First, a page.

The Element Encyclopedia of Witchcraft: The Complete A-Z for the Entire Magical World - Judika Illes 2005
Places: A witch’s Travel Guide
Envision a time and place with no shopping malls, no department stores, and no main streets lined with stores. Envision a time and place with no mail-order catalogs and no online shopping. Now, in that context, envision the magic of the traditional marketplace, another place intrinsically associated with witchcraft.
The marketplaces traditionally associated with witchcraft aren’t modern shopping malls or strip malls; instead they are traditional markets where merchants brought their wares to sell and trade. This type of market might be considered a crossroads: it is where different people’s lives intersected. (And in fact, historically many markets were held at crossroads. These markets didn’t have fixed locations: vendors converged on schedule at a particular location, essentially bringing the market with them. The easiest, most convenient place to meet was frequently a crossroads.)
Once upon a time, and still in some places, the marketplace was a realm where women held sway. This remains true in rural West Africa. Women man the marketplace, buying, selling, and trading.
Services are also commonly found in the traditional marketplace: healers, diviners, body artists (tattoo and henna artists as well as piercers), story-tellers, and entertainers also offer their services, as do craftsmen like ironsmiths and other artisans who do repair-work and commissions as well as sell goods. This type of traditional market survives amongst the souks of North Africa and the Middle East as well as elsewhere, but once existed around the world.
The marketplace is identified with witchcraft for two reasons:
The more obvious reason is that for centuries, the marketplace was where one could obtain the services of a witch, magical healer or fortune-teller. It was where stories and information was circulated; instruction in various traditions could also be obtained.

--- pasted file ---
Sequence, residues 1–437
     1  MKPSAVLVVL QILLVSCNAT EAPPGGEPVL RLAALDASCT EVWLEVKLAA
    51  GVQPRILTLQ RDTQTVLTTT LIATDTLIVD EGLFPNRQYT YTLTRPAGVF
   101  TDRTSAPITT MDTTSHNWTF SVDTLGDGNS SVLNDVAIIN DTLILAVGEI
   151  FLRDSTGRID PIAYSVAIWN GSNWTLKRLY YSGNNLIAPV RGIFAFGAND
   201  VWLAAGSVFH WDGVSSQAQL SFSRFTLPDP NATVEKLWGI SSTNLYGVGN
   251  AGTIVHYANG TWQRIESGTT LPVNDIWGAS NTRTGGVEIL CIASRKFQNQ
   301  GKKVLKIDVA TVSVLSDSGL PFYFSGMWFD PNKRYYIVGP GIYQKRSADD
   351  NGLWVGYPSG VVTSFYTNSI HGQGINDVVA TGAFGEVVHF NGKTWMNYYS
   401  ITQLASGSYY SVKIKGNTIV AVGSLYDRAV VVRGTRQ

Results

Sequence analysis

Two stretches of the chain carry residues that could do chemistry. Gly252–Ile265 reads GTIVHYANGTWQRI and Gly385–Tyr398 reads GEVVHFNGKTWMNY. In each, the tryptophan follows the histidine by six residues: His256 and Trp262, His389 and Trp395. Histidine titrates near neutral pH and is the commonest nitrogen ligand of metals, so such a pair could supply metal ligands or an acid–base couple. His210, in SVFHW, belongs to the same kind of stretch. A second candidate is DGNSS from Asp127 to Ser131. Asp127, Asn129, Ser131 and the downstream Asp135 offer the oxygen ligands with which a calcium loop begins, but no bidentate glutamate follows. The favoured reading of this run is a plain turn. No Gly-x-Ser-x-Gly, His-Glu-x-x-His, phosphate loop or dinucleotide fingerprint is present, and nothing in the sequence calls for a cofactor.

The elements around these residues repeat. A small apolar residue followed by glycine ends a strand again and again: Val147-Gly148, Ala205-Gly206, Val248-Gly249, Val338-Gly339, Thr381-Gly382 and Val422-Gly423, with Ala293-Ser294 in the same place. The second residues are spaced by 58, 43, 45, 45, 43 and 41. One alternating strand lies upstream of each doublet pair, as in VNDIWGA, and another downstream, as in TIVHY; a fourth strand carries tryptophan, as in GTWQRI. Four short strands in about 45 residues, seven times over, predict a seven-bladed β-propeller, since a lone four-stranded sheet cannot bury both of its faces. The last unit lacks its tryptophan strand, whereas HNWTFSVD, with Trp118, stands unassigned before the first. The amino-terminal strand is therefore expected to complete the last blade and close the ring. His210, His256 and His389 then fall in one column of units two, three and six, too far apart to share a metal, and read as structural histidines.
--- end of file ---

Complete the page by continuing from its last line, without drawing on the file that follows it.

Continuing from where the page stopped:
It was also where witches and other practitioners obtained supplies. (The marketplace thus is the replacement for the forest.) The marketplace is the location where practitioners could meet, socialize, and trade techniques and secrets.
The less obvious reason has to do with the magical energy generated by the marketplace. The marketplace is the equivalent of a crossroads: anything can theoretically happen in the marketplace, it is a world of possibility and opportunities, either to be won or lost. Fortunes may also be won or lost. The excitement of the marketplace, the high emotions and interaction between so many people generates a powerful magical energy that spirits love and upon which they thrive. Spirits hover at the marketplace and thus witches and magical practitioners do too.
Many traditional cultures believe witches deliberately linger in the marketplace, absorbing the magical energy generated by impassioned trading and bargaining to enhance their own power.
Just as human women are believed to rule the physical marketplace, its spiritual rulership is overseen by powerful female spirits:
Ferronia, Italy’s ancient shamanic goddess now wanders through traditional markets in the guise of a shabby old hag. Don’t be fooled by her humble appearance: she remains the spiritual queen of the marketplace.
Oya, the orisha of storm winds and cemeteries exerts authority over the marketplace too. Shopkeepers wishing to improve business and profits are advised to petition this powerful orisha and leave her offerings every Thursday.
There are also markets specifically devoted to witchcraft. These witchcraft markets are where practitioners obtain botanical and other supplies. (They are also popular with tourists.) Among the most world-famous witchcraft markets are the Witchcraft Market (Mercado de Hechiceria) in Mexico City, and the Witches’ Market (Mercado de Brujas) of La Paz, Bolivia.
See DICTIONARY: Orisha; DIVINE WITCH: Feronia; HORNED ONE: Oya.